Posted by: Loren Coleman on December 6th, 2010
New photos are published exclusively here for the first time! They are emerging as possible further evidence for True Giants.
Vadim Makarov holds a remarkable cast of a True Giant track found over 30 years ago in the Pamirs.
This unique four-toed print is compared here to a typical large-sized, five-toed Almasty cast.
Famed Russian hominologists, from left to right, Dmitri Bayanov (the creator of the word “hominology”), Igor Burtsev (holding the common Almas-like print found in the Pamirs, this example from 1979), and Vadim Makarov (with the long four-toed footcast of a True Giant from the Pamirs, 1981). Photograph by Igor Burtsev, November 19, 2010.
In Central Asia an example of a footprint with consistent True Giant characteristics comes to us from the Gissar Mountains in the Pamir-Altai Range of Tajikistan. Tracks found in September of 1981 were 49 cm (19 in) long and showed four toes. A photograph appeared in the Moscow News weekly for November 22-29, 1981. It shows a cast of a long foot with four large toes of similar size. Next to the cast is a scale in centimeters (although the width of the cast is not clearly measurable because the photo was taken at an angle). Beyond the cast is a shod human foot. The photo caption identifies this cast as a footprint found by Vadim
~ pages 39-40, True Giants.
As noted in this new book by Mark A. Hall and me, a taboo is being broken by publishing this contribution to the literature, as even the hominological establishment are in continued questioning of the True Giants evidence.
Igor Burtsev, for example, who is a well-known supporter of the Carter Farm scenarios, wrote me that in Tajikistan he occasionally met a man who described the shape of the footprint and claimed he knew the exact place where he faked it. As John Green has often said, there is always someone to step forward to claim they were the source of a hoax, to get their fifteen minutes of fame too. Indeed, the large footprints and larger than Bigfoot and Almas evidence are difficult for some to consider. But the challenge must be expressed, as it has been with hostile debunkers, have the doubting hominologists even read the total body of the evidence, yet. Of course they have not.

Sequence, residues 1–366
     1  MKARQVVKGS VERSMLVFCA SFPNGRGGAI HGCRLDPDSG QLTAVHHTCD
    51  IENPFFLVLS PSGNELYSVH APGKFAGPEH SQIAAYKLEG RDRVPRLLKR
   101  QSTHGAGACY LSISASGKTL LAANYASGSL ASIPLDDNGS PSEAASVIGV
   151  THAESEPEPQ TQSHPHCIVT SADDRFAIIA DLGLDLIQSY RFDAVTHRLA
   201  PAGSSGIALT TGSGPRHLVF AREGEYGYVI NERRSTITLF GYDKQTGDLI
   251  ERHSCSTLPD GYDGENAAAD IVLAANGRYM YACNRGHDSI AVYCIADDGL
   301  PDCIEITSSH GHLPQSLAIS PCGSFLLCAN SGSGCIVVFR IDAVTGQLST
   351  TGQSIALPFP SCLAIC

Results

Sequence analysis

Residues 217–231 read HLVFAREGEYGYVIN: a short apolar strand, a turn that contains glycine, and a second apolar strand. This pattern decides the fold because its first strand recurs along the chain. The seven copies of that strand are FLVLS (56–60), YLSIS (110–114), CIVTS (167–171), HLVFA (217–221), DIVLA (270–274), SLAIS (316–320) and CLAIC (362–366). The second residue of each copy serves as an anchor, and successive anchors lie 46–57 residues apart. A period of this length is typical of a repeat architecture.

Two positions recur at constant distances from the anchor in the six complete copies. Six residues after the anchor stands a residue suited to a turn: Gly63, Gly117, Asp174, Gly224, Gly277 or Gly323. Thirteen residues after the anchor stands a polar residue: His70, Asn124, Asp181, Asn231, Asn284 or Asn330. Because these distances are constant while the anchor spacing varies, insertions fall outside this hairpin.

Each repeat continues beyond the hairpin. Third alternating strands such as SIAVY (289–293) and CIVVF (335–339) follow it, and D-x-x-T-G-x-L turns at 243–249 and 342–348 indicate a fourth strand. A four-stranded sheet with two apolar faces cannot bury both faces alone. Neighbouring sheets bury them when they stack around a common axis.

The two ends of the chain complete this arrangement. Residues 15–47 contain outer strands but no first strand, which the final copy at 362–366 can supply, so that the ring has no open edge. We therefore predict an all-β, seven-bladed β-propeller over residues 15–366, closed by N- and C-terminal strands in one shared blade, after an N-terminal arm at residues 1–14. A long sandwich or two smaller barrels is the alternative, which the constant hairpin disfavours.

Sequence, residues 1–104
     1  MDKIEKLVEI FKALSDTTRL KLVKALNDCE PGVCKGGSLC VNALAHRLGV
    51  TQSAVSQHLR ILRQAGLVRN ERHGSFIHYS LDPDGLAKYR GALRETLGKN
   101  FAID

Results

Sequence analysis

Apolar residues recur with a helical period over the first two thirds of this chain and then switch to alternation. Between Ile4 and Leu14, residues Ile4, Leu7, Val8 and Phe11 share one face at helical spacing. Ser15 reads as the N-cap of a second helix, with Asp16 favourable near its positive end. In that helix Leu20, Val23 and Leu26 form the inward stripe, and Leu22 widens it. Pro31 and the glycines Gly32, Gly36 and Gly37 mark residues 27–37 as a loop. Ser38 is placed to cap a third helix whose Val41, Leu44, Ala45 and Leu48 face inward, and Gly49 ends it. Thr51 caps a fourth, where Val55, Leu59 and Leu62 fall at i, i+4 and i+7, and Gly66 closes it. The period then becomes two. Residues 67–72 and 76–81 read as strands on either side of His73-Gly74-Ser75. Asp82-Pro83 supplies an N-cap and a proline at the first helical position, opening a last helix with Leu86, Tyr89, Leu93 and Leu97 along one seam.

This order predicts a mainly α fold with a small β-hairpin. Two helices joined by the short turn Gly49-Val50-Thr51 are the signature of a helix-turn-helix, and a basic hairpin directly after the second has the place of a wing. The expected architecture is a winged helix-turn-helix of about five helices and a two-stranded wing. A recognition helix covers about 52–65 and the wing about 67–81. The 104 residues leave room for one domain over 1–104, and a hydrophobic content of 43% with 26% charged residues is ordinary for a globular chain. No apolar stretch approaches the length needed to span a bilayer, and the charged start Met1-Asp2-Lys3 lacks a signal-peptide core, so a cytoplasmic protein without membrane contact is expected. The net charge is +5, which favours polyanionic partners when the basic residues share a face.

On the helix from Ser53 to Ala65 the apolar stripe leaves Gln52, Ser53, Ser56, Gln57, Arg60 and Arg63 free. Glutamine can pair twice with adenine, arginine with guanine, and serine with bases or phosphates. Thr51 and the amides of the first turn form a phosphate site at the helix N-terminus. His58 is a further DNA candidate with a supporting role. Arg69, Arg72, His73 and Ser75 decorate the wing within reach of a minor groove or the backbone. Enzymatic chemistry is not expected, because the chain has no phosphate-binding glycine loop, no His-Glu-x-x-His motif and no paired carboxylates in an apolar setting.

The Pamirs footprint with four toes found by Makarov is, nevertheless, supported by a few hominologists, and fits nicely in with other evidence noted in the new book True Giants. Will establish cryptozoologists and hominologists read the overall thesis before making their judgments about the concept? Or will they be guilty of the harsh skepticism and ridiculing debunking already apparent on some anti-cryptozoology forums and lists?
Time will tell.
Veterans of the Russian Snowman Institute, associated with the Darwin Museum in Moscow: Porshnev, Mashkovtsev, Smolin, Bayanov, and Koffman. 1970.
Loren Coleman is one of the world’s leading cryptozoologists, some say “the” leading. Certainly, he is acknowledged as the current living American researcher and writer who has most popularized cryptozoology in the late 20th and early 21st centuries. Starting his fieldwork and investigations in 1960, after traveling and trekking extensively in pursuit of cryptozoological mysteries, Coleman began writing to share his experiences in 1969. An honorary member of Ivan T. Sanderson’s Society for the Investigation of the Unexplained in the 1970s, Coleman has been bestowed with similar honorary memberships of the North Idaho College Cryptozoology Club in 1983, and in subsequent years, that of the British Columbia Scientific Cryptozoology Club, CryptoSafari International, and other international organizations. He was also a Life Member and Benefactor of the International Society of Cryptozoology (now-defunct). Loren Coleman’s daily blog, as a member of the Cryptomundo Team, served as an ongoing avenue of communication for the ever-growing body of cryptozoo news from 2005 through 2013.